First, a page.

I thought about it a lot and I kept thinking: OK, he’s right, I guess, the information is in the light, it has to be there, because where else are you going to get it. It has got to be there and if it’s there, there’s a sense in which you don’t have to process it at least not in the way that I used to say “process.” But if he’s right, what am I going to do about cognitive psychology? How can I reconcile cognitive psychology, as I knew it, with this theory of Jimmy Gibson’s?Ulric Neisser, from Szolkolszky, 2013
Are we information processors? No. At least, not if Gibson was right.
|Information is clearly important, though, because we talk about it a LOT according to this Wordle.|
This information is not transmitted. At any given possible point of observation, there is a uniquely structured optic array that an observer can interact with by going to (or more likely through) that point of observation. That structure is there as soon as the lights have come on and the light is done filling up the space.
This information is also not processed, because it does not 'get into the system'. The nervous system doesn't take information onboard, it resonates to that information; it's dynamical behaviour is altered by detecting that information.
What about all the steps that have to happen once the information is detected? Doesn't the information have to be transformed into a behaviour? No. Behaviour simply is the activity of the kind of embodied system that we are in the presence of that particular information. We can alter the kind of embodied system we are via learning, but all the way through learning, the behaviour you exhibit at any given moment simply is that activity.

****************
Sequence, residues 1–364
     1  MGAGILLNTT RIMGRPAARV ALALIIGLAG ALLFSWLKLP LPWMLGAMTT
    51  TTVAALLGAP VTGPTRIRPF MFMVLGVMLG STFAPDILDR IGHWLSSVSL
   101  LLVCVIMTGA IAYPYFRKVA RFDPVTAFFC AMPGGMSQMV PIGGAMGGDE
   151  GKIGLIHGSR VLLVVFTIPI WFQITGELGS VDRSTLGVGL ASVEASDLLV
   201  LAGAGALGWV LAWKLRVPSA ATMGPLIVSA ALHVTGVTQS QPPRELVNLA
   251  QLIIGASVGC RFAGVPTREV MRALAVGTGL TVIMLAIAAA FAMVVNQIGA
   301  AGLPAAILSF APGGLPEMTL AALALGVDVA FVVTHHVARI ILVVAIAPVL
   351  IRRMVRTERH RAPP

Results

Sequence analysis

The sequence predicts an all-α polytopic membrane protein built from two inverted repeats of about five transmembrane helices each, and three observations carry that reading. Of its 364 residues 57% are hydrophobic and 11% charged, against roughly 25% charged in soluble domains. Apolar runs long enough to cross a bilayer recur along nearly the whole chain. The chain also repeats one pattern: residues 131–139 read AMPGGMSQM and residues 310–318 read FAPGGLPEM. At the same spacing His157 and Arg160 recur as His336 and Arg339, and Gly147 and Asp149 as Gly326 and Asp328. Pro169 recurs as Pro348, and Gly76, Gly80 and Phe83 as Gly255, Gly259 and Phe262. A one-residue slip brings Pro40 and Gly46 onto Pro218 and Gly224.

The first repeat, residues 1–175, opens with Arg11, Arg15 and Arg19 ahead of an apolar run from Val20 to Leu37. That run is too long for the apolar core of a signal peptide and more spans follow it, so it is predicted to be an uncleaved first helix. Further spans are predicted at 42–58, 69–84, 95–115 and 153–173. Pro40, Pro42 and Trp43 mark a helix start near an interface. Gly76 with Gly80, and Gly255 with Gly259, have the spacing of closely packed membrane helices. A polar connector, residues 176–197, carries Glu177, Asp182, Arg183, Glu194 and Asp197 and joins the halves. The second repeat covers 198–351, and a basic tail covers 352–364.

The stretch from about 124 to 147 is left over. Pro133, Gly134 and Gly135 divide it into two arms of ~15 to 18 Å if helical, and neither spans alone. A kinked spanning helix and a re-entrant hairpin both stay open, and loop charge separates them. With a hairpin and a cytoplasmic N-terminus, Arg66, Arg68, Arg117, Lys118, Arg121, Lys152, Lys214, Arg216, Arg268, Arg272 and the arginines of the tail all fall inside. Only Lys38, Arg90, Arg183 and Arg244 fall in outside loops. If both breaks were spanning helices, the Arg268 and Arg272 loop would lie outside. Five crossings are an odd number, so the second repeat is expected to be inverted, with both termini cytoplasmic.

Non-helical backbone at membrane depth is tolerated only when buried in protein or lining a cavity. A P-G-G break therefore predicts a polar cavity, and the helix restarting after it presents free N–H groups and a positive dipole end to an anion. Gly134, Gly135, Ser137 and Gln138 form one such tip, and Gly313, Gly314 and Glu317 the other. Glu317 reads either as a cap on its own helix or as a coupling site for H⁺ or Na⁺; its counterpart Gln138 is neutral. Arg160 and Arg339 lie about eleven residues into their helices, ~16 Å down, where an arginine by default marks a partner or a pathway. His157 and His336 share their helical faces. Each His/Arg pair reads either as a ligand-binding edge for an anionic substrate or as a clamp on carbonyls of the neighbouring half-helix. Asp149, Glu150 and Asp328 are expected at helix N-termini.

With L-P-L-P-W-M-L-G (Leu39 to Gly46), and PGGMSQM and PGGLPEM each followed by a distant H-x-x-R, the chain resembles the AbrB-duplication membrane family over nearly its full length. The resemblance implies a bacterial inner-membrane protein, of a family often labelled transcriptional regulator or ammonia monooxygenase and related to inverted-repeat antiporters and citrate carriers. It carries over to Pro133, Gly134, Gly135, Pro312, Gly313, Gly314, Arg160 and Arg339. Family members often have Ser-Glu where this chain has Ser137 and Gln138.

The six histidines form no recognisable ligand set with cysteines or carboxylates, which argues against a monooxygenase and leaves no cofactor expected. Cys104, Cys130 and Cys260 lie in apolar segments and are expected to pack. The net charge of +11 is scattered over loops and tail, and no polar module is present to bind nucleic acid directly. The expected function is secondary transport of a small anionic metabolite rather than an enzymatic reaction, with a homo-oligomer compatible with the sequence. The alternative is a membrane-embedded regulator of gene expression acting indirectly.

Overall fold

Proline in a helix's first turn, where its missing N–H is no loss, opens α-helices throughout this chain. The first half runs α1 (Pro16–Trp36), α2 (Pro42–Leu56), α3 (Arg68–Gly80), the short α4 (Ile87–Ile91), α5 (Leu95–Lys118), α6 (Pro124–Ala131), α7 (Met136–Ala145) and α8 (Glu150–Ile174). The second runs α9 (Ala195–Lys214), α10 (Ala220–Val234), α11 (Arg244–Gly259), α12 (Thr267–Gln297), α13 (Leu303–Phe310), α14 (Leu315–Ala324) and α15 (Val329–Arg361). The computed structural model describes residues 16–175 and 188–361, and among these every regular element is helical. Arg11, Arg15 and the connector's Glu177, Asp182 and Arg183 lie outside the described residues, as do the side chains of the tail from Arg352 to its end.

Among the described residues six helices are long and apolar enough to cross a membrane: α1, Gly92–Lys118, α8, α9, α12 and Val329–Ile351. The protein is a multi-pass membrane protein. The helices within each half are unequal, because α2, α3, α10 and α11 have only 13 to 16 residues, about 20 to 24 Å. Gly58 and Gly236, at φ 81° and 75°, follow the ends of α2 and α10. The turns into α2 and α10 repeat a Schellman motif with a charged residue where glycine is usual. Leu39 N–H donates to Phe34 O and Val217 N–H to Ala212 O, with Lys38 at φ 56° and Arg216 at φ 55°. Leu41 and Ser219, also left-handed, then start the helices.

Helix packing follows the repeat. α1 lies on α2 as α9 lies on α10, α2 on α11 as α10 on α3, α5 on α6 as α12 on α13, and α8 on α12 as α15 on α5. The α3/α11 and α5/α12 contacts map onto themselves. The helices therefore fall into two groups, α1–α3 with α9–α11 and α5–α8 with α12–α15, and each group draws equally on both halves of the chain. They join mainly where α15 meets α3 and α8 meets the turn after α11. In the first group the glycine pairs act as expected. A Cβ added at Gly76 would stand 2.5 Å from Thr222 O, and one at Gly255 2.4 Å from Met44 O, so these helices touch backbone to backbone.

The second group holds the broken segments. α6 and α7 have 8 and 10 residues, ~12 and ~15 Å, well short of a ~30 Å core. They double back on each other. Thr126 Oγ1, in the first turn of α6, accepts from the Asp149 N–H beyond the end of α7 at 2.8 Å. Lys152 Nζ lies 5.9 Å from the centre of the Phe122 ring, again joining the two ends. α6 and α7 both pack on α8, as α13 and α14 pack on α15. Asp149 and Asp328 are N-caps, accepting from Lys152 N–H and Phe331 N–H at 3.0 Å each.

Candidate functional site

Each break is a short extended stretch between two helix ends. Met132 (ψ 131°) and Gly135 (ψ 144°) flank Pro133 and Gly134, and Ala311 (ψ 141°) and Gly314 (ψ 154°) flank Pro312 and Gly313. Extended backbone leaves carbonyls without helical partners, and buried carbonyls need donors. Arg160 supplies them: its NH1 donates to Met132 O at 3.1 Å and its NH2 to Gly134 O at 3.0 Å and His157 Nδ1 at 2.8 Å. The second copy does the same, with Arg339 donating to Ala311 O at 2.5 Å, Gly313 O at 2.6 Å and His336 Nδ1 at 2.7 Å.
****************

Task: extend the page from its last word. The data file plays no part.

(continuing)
Therefore, in the radical embodied, ecological approach, it makes no sense to say that cognition involves information processing. This is due to 'information' in REC referring to Gibson-information, not Shannon-information. Shannon-information is not something that exists. It is an abstract description of how to reduce uncertainty between a sender and a receiver. It's an amazing idea; it's the heart of the digital revolution we live in and it's a powerful analysis tool (read James Gleick's great book, The Information for the history). It's just not describing what biological organisms are interacting with.
Is this merely a semantic issue? Are we cheating by just defining away the problem? No. It's about precision in terms. Information means something very specific in the REC framework, that meaning is not the same as it is in the information processing framework and this difference has consequences. Following up on those consequences is what radical embodied cognitive (neuro)science is up to. We will either be right or wrong, and the data will tell us which, but only if we stop making this basic confusion.
Thanks to Greg Hickok (Twitter, blog) for arguing with me a lot on Twitter about this which helped me clarify a few things, and to everyone else who got into it too. You guys are a big help with your obstinacy and your refusal to take what I say at face value :) I think this post might be the first of a series of 'Brief Notes' where I just try to lay out one thing as clearly as I can. In true Gibson style, I reserve the right to keep critiquing and modifying the details as new evidence comes in!
Szokolszky, A. (2013). Interview with Ulric Neisser. Ecological Psychology, 25, 182–199. Download